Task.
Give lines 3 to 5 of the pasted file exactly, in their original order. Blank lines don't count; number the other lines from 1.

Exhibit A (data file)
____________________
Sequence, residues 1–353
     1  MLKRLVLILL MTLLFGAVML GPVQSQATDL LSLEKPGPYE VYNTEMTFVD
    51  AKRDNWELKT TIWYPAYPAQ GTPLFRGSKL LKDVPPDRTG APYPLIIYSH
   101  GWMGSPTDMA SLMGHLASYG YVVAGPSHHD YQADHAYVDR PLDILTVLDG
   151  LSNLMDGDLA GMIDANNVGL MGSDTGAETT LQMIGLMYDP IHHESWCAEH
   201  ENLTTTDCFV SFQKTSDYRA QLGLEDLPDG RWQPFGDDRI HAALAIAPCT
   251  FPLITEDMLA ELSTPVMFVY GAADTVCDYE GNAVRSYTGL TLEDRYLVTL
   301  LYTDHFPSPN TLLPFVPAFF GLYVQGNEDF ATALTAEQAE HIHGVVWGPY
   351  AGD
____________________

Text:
    51  AKRDNWELKT TIWYPAYPAQ GTPLFRGSKL LKDVPPDRTG APYPLIIYSH
   101  GWMGSPTDMA SLMGHLASYG YVVAGPSHHD YQADHAYVDR PLDILTVLDG
   151  LSNLMDGDLA GMIDANNVGL MGSDTGAETT LQMIGLMYDP IHHESWCAEH